Reference

[1] Jain, K., Mahdian, M., Markakis, E. et al. (2003). Greedy Facility Location Algorithms Analyzed Using Dual Fitting with Factor-Revealing LP. Journal of the ACM. 50(6):795–824.

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I'm looking at the algorithm as it's described in Hochbaum (1982), which works like this: Suppose we have enumerated all $2^n-1$ subsets of the customers. Subset $P_m$ has cost $$C_m = \min_{j\in J} \left(\sum_{i\in P_m} c_{ij} + f_j\right),$$ i.e., the fixed plus transportation cost if we choose the best facility for the set $P_m$ of customers. At each iteration, we choose the $P_k$ that maximizes the ratio $$\frac{|P_m|}{C_m},$$ open the best facility for that $P_k$, remove the customers in $P_k$ from all of the other $P_m$ sets, and repeat.

I'm not exactly sure how that translates to the algorithm described in Jain et al. (2003); they say the two algorithms are equivalent, so let's take their word for it.

Their example has $k$ facilities with a fixed cost of $p^k$ for some $p$, all located at the same spot. (They don't give any restrictions on $p$ but the example only makes sense if $p$ is a positive integer.) There are $k-1$ groups of customers, called $S_1,\ldots,S_{k-1}$, oriented as rings around the facilities. $S_i$ contains $p^{k-i+1}$ customers, each at a distance of $\sum_{j=1}^i p^{j-1}$ from the facilities.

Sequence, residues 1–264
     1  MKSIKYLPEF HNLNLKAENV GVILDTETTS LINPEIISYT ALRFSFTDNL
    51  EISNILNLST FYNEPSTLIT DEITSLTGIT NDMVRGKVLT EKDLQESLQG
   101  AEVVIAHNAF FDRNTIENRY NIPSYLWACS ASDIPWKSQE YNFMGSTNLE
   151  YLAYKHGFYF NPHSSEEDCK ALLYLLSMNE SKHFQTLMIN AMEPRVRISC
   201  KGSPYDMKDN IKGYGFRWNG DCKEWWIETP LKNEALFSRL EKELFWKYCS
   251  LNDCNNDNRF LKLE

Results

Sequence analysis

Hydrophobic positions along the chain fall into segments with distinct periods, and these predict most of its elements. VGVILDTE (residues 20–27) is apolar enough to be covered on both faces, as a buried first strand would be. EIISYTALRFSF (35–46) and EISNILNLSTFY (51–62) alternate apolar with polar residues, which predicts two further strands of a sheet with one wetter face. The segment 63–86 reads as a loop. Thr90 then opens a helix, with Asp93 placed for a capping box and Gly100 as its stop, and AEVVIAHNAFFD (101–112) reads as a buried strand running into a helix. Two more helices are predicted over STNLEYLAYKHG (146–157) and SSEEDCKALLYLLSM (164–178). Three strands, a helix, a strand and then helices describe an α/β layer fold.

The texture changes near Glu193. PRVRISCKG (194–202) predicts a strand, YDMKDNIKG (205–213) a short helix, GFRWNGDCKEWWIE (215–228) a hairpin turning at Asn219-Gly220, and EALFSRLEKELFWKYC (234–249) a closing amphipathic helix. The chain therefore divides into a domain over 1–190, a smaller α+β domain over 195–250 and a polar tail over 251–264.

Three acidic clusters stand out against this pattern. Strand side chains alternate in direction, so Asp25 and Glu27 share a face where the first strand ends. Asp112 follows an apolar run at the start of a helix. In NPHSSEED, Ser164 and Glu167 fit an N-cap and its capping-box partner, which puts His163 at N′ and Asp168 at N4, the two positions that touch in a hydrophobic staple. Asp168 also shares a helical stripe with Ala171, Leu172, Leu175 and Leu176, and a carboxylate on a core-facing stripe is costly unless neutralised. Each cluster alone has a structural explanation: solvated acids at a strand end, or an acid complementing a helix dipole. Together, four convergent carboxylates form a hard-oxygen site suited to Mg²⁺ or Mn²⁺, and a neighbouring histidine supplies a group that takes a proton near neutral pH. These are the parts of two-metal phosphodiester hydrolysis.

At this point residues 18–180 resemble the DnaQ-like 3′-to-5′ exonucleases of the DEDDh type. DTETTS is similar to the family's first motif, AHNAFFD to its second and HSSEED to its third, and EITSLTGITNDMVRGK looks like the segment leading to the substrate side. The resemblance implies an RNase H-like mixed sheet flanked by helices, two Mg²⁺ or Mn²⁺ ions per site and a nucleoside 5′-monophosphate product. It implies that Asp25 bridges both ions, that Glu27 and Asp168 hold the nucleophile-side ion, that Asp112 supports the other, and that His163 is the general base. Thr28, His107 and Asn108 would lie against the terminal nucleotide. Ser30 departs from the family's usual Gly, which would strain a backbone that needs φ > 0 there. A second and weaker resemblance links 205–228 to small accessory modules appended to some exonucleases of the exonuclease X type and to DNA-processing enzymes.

Consider the first iteration of Hochbaum's algorithm. Suppose $P_1=S_1$, $P_2=S_2$, and $P_{1,2}=S_1\cup S_2$. The relevant ratios are: $$\begin{align} \frac{|P_1|}{C_1} & = \frac{p^k}{p^k+p^kp^0} = \frac12 \\ \frac{|P_2|}{C_2} & = \frac{p^{k-1}}{p^k + p^{k-1}(p^0+p^1)} = \frac{1}{2p+1} < \frac12 \\ \frac{|P_{1,2}|}{C_{1,2}} & = \frac{p^k+p^{k-1}}{p^k + p^kp^0 + p^{k-1}(p^0+p^1)} = \frac{p+1}{3p+1} < \frac12. \end{align}$$ And presumably the pattern will repeat, in the sense that if we either add more "rings" to the subset, or we replace $S_1$ with a different "ring", the ratio will go down. Therefore, $P_1 = S_1$ attains the maximum ratio, so we open a facility (doesn't matter which one) and assign $S_1$ to it. Then remove $S_1$ from all of the other subsets, and repeat. The same logic will hold at the next iteration, so we will open a facility and assign $S_2$ to it, and so on. This continues until we have opened all $k$ facilities.